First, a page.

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Engineering the GM Full-Size Truck

#Buick #Ram #engineer


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Through the third quarter of 2018 General Motor delivered 424,403 Chevrolet Silverados and 152,242 GMC Sierras, for a total of 576,645 pickups, which is a big number, but given that there is another quarter to go before the books are closed on 2018, the numbers are going to end up much, much higher. Just to get a sense of the magnitude of the Silverado sales alone, realize that during the first three quarters Cadillac delivered a total of 113,240 vehicles and Buick delivered 115,606, for a total of 228,846, which is well shy of the 424,403 figure.

The all-new 2019 Silverado RST (new trim for 2019) brings a street-performance appearance to the LT, with body-color trim, full LED lighting (foglamps, headlamps and taillamps) and up to 22-inch wheels with all-season tires.

So to say that the Silverado is the “franchise” vehicle for GM is not to make an exaggeration, especially as there is the aforementioned Sierra as well as the likelihood that GM is going to be rolling out a number of other vehicles with the underlying architecture (e.g., think Cadillac Escalade).

Let’s talk about that truck. The 2019 Silverado is an all-new vehicle. It is bigger than the previous model, with an overall length up 1.6 inches from its predecessor. It has a cargo volume that’s increased through widening the width of the bed floor by nearly seven inches, accomplishing this by reengineering the way the rear fender inner and the box inner are arranged.

Yet the truck is as much as 450 pounds lighter than a comparable predecessor, something that is accomplished through the use of a mixed materials strategy. Rather than going with an all-aluminum body and steel frame like the Ford F-150, the Silverado features aluminum swing panels—as in doors, hood, tailgate—but the fixed panels—as in fenders, roof, bed—are steel.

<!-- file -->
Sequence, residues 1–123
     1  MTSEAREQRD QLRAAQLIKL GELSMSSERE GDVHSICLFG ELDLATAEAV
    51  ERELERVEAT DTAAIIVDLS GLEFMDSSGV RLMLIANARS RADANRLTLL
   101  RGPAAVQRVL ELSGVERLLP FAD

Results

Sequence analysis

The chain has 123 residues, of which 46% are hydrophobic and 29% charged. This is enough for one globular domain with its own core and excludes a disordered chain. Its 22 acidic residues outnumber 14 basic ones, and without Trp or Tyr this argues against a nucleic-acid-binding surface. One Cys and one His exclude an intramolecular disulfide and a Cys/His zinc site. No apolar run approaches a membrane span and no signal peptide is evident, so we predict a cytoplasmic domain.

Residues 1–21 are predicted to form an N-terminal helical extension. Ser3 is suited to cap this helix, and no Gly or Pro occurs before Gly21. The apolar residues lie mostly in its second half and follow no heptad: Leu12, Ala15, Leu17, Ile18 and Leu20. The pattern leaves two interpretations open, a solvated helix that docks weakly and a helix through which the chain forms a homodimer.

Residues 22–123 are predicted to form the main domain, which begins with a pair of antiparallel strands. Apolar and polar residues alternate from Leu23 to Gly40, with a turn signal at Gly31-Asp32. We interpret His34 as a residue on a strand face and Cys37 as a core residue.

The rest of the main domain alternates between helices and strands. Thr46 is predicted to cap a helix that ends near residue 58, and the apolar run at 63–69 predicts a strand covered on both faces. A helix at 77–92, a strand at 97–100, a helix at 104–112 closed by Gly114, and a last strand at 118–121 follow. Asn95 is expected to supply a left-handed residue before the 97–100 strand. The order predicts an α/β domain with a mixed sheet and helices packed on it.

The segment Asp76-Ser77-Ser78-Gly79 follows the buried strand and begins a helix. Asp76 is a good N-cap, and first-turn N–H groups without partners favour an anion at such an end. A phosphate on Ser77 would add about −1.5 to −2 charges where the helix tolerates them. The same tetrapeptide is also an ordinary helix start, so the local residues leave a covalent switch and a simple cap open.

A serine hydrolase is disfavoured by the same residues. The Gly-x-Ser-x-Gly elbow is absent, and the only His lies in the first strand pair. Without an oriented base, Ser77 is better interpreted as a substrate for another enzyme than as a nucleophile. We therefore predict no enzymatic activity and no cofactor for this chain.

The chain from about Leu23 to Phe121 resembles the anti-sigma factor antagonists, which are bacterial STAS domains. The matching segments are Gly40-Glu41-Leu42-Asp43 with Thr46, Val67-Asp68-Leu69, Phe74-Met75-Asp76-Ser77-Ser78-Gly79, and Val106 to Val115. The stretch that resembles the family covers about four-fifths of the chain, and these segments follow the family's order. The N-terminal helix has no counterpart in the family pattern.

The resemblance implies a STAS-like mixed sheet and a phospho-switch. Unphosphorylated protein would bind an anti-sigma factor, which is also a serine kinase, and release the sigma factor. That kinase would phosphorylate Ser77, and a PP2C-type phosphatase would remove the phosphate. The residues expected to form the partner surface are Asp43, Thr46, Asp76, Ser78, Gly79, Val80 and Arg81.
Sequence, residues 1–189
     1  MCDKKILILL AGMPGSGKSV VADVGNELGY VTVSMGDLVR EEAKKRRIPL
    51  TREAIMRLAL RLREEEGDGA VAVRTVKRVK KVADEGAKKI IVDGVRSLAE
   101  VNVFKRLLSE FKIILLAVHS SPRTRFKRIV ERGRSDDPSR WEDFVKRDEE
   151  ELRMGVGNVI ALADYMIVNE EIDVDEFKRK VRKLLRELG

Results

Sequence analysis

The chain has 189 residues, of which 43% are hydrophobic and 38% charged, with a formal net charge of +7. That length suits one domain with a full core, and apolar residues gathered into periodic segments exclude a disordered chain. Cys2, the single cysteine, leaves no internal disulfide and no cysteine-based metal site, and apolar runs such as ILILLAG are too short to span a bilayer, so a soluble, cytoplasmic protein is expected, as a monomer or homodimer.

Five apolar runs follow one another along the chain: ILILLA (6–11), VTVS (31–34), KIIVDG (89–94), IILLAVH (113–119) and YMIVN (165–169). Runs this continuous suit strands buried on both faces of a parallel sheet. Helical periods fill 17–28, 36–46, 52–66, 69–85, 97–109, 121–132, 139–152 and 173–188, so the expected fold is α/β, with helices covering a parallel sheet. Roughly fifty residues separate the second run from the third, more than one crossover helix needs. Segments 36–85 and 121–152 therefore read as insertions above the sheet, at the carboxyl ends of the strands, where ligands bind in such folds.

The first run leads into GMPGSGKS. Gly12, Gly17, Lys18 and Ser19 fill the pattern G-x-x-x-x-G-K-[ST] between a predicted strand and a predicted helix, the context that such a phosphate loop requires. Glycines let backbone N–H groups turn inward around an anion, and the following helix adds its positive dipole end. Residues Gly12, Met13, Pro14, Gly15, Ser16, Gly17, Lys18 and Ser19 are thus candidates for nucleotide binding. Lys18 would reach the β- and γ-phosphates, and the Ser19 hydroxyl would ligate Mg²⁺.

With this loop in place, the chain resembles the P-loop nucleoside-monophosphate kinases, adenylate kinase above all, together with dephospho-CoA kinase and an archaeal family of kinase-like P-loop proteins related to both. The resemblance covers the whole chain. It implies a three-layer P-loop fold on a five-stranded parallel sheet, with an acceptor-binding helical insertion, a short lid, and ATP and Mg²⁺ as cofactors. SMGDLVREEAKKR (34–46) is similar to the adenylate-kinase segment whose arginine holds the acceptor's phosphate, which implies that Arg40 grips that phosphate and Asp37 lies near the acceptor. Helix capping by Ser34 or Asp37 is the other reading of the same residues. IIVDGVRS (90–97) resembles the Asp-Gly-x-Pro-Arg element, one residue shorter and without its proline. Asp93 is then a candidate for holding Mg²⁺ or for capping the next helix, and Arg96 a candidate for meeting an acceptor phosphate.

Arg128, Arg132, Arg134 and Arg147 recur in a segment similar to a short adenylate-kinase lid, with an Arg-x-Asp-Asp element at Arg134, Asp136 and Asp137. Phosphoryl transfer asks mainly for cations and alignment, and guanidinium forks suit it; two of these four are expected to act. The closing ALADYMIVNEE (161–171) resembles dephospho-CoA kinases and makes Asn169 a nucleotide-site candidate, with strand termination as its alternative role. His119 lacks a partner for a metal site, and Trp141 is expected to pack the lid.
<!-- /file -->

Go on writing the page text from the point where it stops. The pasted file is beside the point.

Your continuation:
And when it comes to steel, there are not only an array of grades that are deployed in the construction of the vehicle, but the processes used for the steels are also wide-ranging, including not only traditional stamping, but hydroforming, roll forming, and others, but the gauges of the steels, in many cases, change in a given component in order to achieve strength where it is needed and to minimize mass where it isn’t.

Tim Herrick is Full-Size Truck Chief Engineer, General Motors. Which means he was the person responsible for the massive team—he says that at any one time there were on the order of 10,000 people working on the development of the full-size truck—that developed the Silverado (and the Sierra and the derivatives).

On this edition of “Autoline After Hours” Herrick shares insights into both the development process, as well as the characteristics of the truck (he brought a Silverado High Country to the studio).

Herrick talks with Autoline’s John McElroy, Bob Gritzinger of WardsIntelligence.com, and me.

Then John, Bob and I discuss a variety of subjects, including FCA’s CEO Mike Manley telling Reuters that he wants to get the Ram pickup in the number-two sales position from the third place it has long held, the troubles at electric vehicle company Faraday Future, and a whole lot more, all of which you can see right here.


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